Taiwan passes same-sex marriage bill, becoming first in Asia to do so

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The vote came almost two years after the island’s Constitutional Court ruled that the existing law — which said marriage was between a man and a woman — was unconstitutional. The panel of judges gave the island’s parliament two years to amend or enact new laws.

On Friday — only a week off the two-year deadline — lawmakers in Taiwan’s Legislative Yuan passed a bill making same-sex marriage a reality. It will go into effect on May 24.

Tens of thousands of people braved pouring rain Friday to demonstrate in favor of same-sex marriage outside the parliament, where lawmakers were voting on three draft bills, one tabled by the country’s Cabinet — which would ultimately prove successful — and two watered-down rival bills tabled by conservative groups.

The successful Cabinet bill was backed by LGBTQ groups, despite the fact it creates a law different to straight marriage. For instance, under Cabinet’s bill, a Taiwanese person could not marry foreigners from countries where same-sex marriage is not legal.

Thousands turned of gay rights activists, many bearing umbrellas, rainbow flags and rainbow placards, gathered in heavy rain in the capital Taipei in support of marriage equality.

Ahead of the vote, Taiwan’s President Tsai Ing-wen tweeted: “Today we have a chance to make history and show the world that progressive values can take root in an East Asian society.”

Although the island has a large gay community and its annual gay pride parade is the biggest in Asia, the issue of marriage equality has divided Taiwanese society. In a controversial referendum in November last year, 67% voted to reject same-sex marriage.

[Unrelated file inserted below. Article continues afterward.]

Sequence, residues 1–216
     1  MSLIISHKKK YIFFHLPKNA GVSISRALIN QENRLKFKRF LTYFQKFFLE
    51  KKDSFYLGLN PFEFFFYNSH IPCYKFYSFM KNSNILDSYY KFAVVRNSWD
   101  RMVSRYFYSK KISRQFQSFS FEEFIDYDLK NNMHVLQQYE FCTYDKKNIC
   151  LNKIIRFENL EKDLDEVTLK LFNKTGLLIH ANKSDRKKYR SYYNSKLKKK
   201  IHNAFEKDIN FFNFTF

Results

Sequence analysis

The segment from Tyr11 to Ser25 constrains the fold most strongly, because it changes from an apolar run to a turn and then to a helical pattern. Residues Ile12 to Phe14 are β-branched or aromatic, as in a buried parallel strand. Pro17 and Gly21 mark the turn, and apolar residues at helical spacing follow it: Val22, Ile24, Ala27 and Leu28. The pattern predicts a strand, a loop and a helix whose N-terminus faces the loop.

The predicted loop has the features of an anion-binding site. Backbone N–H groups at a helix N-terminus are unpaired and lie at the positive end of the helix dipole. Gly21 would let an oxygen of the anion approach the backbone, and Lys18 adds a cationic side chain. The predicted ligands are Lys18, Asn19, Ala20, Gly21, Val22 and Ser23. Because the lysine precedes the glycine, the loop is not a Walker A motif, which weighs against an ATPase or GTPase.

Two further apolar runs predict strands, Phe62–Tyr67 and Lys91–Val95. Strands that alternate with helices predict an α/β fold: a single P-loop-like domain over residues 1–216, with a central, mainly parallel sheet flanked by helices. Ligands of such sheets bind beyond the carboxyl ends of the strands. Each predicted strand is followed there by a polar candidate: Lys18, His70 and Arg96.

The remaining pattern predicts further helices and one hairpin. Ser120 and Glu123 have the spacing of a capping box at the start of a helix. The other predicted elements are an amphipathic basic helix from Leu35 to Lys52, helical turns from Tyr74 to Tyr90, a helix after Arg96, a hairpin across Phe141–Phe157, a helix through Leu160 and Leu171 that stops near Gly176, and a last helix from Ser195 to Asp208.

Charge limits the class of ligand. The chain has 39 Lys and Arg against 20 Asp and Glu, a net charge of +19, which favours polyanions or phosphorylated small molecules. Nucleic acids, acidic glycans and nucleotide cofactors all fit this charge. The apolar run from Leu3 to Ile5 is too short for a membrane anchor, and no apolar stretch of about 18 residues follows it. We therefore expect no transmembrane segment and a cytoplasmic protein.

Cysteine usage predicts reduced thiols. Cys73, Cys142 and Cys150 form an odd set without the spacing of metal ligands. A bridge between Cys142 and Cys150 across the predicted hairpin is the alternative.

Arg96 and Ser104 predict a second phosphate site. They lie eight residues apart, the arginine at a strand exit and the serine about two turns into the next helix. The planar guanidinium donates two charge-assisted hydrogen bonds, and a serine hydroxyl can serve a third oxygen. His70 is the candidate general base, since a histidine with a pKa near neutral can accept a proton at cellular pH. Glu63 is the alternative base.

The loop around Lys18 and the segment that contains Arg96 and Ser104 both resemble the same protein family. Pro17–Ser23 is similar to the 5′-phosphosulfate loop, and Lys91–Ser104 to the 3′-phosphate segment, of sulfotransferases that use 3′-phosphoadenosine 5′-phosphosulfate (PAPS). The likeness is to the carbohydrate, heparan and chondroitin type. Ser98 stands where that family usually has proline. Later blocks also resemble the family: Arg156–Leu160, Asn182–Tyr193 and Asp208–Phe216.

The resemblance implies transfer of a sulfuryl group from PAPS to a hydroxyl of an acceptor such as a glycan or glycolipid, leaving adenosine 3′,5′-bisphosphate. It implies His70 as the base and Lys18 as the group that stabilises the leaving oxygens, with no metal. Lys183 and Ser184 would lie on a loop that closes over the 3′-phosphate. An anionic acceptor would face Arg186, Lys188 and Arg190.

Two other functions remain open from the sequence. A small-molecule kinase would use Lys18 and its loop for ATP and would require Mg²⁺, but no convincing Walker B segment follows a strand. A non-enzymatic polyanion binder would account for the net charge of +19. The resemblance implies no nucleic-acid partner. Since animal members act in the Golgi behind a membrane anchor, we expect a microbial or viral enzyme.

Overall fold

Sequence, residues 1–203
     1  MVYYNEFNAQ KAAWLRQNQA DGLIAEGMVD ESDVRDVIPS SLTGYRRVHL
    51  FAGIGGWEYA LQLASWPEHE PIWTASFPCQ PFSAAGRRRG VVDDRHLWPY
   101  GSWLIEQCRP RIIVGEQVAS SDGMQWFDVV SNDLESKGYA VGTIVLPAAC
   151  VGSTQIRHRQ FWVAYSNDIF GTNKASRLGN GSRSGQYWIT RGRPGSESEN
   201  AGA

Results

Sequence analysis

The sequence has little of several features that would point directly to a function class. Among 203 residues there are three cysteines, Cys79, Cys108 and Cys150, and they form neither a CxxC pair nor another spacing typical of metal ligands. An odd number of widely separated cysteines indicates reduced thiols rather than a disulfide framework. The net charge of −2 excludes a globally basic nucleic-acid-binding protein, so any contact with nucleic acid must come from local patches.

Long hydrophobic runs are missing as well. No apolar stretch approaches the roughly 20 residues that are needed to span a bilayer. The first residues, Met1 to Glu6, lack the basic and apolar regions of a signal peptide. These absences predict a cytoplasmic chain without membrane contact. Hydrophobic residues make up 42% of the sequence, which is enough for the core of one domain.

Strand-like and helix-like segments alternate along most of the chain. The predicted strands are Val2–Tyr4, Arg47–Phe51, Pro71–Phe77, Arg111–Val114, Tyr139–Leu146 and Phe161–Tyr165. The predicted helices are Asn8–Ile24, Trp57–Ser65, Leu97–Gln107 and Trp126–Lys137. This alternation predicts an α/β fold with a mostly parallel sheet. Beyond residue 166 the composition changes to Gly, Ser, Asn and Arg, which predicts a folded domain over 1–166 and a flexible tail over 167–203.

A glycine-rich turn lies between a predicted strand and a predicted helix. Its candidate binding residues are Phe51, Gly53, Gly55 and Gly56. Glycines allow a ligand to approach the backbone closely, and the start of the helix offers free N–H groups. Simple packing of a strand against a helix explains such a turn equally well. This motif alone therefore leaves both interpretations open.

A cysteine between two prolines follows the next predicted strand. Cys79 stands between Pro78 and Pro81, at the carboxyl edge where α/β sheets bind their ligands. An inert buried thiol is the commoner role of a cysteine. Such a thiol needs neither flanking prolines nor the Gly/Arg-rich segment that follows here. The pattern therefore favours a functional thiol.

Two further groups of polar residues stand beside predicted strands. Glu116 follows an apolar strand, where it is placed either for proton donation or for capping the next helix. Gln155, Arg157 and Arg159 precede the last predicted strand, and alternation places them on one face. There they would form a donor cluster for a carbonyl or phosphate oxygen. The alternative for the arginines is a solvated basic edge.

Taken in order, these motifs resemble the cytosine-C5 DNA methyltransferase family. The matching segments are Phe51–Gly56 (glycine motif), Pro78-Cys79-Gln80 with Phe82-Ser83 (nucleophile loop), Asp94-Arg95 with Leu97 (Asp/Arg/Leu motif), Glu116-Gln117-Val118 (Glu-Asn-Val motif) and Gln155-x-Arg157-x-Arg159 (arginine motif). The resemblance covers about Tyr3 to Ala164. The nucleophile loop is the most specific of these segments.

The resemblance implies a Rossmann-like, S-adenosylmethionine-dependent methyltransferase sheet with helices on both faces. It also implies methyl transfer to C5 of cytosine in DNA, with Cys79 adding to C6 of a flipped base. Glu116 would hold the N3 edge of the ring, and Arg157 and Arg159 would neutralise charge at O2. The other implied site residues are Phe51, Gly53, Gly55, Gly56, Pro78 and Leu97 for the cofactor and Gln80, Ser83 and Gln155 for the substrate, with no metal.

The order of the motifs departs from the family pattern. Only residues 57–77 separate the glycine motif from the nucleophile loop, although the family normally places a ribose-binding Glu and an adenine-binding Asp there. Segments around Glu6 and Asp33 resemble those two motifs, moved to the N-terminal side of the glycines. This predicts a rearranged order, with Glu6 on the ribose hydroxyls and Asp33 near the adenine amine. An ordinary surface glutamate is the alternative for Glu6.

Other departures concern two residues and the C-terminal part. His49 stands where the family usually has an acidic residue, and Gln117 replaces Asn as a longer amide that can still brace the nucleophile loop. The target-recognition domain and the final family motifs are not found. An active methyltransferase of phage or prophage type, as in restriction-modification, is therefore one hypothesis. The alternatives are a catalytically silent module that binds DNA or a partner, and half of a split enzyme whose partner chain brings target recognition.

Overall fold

In recent months conservative groups have campaigned against same-sex marriage reform, pushing for a law that would see gay marriage legislation redefined as same-sex unions.

LGBTQ rights in Asia

Taiwan’s vote sets it apart from other parts of Asia where LGBTQ rights have regressed.

In mainland China, where homosexuality is legal but prejudices and discrimination against LGBT people persist under Communist Party rule, an author of same-sex erotic fiction was sent to jail for 10 years in November.
In April, the ruler of the tiny, oil-rich kingdom of Brunei announced he would introduce death by stoning for those convicted of gay sex. Sultan Hassanal Bolkiah has since said the death penalty will not be imposed, although he did not repeal the law.
In Indonesia, declining secularism has led to deepening discrimination against the country’s gay, lesbian and transgender communities. Last year, two men accused of being gay received 87 lashes for gay sex in the country’s conservative Aceh province.
More than two dozen countries around the world allow gay marriage, according to Pew Research.

Read more at CNN.com

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